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Early palliative care and quality of dying and death in patients with advanced cancer
  1. Kenneth Mah1,
  2. Brittany Chow1,
  3. Nadia Swami1,
  4. Ashley Pope1,
  5. Anne Rydall1,
  6. Craig Earle2,3,
  7. Monika Krzyzanowska3,4,
  8. Lisa Le5,
  9. Sarah Hales1,6,
  10. Gary Rodin1,6,7,
  11. Breffni Hannon1,3,8 and
  12. Camilla Zimmermann1,3,6,7,8
  1. 1Department of Supportive Care, Princess Margaret Cancer Centre, University Health Network, Toronto, Ontario, Canada
  2. 2Odette Cancer Centre, Sunnybrook Health Sciences Centre, Toronto, Ontario, Canada
  3. 3Division of Medical Oncology, Department of Medicine, University of Toronto, Toronto, Ontario, Canada
  4. 4Department of Medical Oncology and Hematology, Princess Margaret Cancer Centre, University Health Network, Toronto, Ontario, Canada
  5. 5Department of Biostatistics, Princess Margaret Cancer Centre, University Health Network, Toronto, Ontario, Canada
  6. 6Department of Psychiatry, University of Toronto, Toronto, Ontario, Canada
  7. 7Princess Margaret Research Institute, Princess Margaret Cancer Centre, University Health Network, Toronto, Ontario, Canada
  8. 8Division of Palliative Medicine, Department of Medicine, University of Toronto, Toronto, Ontario, Canada
  1. Correspondence to Dr Camilla Zimmermann, 12-300 - 620 University Ave, Department of Supportive Care, Princess Margaret Cancer Centre, Toronto, ON M5G 2C1, Canada; camilla.zimmermann{at}uhn.ca

Abstract

Objective Early palliative care (EPC) in the outpatient setting improves quality of life for patients with advanced cancer, but its impact on quality of dying and death (QODD) and on quality of life at the end of life (QOL-EOL) has not been examined. Our study investigated the impact of EPC on patients’ QODD and QOL-EOL and the moderating role of receiving inpatient or home palliative care.

Method Bereaved family caregivers who had provided care for patients participating in a cluster-randomised trial of EPC completed a validated QODD scale and indicated whether patients had received additional home palliative care or care in an inpatient palliative care unit (PCU). We examined the effects of EPC, inpatient or home palliative care, and their interactions on the QODD total score and on QOL-EOL (last 7 days of life).

Results A total of 157 caregivers participated. Receipt of EPC showed no association with QODD total score. However, when additional palliative care was included in the model, intervention patients demonstrated better QOL-EOL than controls (p=0.02). Further, the intervention by PCU interaction was significant (p=0.02): those receiving both EPC and palliative care in a PCU had better QOL-EOL than those receiving only palliative care in a PCU (mean difference=27.10, p=0.002) or only EPC (mean difference=20.59, p=0.02).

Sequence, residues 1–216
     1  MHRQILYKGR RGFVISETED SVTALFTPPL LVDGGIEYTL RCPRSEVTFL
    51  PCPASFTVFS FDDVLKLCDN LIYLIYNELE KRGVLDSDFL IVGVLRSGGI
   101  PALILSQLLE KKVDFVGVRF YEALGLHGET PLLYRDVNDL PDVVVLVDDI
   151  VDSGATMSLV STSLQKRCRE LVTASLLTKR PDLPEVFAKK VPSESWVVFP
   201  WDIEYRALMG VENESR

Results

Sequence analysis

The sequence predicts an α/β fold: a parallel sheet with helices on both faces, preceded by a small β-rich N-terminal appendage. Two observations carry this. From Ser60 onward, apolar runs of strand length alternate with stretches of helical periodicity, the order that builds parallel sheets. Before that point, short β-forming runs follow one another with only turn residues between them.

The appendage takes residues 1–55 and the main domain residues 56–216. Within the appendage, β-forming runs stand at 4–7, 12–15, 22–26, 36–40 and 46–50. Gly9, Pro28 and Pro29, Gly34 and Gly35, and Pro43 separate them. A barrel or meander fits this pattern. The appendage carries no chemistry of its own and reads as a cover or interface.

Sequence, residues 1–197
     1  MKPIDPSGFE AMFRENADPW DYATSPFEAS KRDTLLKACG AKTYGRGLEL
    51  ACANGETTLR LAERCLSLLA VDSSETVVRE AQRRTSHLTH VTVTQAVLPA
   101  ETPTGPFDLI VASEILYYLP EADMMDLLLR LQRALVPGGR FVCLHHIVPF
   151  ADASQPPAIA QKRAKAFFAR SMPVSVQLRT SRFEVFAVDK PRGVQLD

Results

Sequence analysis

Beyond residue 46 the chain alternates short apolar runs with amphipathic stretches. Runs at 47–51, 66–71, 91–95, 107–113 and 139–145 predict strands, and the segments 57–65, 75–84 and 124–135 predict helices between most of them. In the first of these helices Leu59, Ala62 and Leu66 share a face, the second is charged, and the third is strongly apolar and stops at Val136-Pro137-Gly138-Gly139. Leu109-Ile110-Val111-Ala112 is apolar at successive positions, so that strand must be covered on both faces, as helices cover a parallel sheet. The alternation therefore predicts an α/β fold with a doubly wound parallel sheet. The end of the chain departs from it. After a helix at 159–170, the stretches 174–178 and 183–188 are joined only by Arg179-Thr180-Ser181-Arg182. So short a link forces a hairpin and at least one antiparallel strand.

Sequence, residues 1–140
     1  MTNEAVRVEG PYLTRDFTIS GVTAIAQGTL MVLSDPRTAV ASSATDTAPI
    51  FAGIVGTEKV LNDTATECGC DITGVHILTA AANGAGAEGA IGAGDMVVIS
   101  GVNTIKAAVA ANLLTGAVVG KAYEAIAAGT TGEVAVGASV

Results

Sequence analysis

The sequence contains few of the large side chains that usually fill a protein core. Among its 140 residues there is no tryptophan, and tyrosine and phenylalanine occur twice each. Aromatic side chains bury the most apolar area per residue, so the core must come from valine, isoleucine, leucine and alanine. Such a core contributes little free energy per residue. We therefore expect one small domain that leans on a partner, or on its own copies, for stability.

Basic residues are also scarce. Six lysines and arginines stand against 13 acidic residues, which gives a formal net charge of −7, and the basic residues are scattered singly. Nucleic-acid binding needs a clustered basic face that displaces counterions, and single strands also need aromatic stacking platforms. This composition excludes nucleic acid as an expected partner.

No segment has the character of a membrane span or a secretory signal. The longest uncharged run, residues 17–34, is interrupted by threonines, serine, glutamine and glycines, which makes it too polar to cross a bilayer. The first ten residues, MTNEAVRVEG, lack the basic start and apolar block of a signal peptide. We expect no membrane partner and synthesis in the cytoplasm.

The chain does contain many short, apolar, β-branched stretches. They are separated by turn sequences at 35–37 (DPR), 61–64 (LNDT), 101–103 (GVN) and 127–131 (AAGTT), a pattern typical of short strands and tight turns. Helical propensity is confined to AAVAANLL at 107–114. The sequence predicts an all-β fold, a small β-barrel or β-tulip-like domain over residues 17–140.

Conclusion Although there was no association with QODD, EPC was associated with improved QOL-EOL, particularly for those who also received inpatient care in a PCU. This suggests a long-term benefit from early interdisciplinary palliative care on care throughout the illness.

Trial registration number ClinicalTrials.gov Registry (#NCT01248624).

  • cancer
  • quality of life
  • supportive care
  • terminal care

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Footnotes

  • Contributors All authors contributed to conception and design. AP and NS contributed to acquisition of data. KM completed data analysis and interpreted the data with input from CZ and LL. KM and CZ drafted the article, and all authors reviewed it critically for important intellectual content. All authors approved the final version and have participated sufficiently in the work to take responsibility for appropriate portions of the content.

  • Funding The study was supported by the Canadian Cancer Society (grant #017257, #020509, #700862; CZ), the Canadian Institutes of Health Research (grant #152996; CZ), and the Ontario Ministry of Health and Long-Term Care. CZ is also supported by the Rose Family Chair in Palliative Medicine and Supportive Care, Faculty of Medicine, University of Toronto.

  • Disclaimer The funders of the original trial played no role in the study design, data collection and analysis, data interpretation, or writing of this report.

  • Competing interests None declared.

  • Patient consent for publication Not required.

  • Ethics approval The EPC trial protocol was approved by the University Health Network Research Ethics Board (REB #06-0525-CE).

  • Provenance and peer review Not commissioned; externally peer reviewed.

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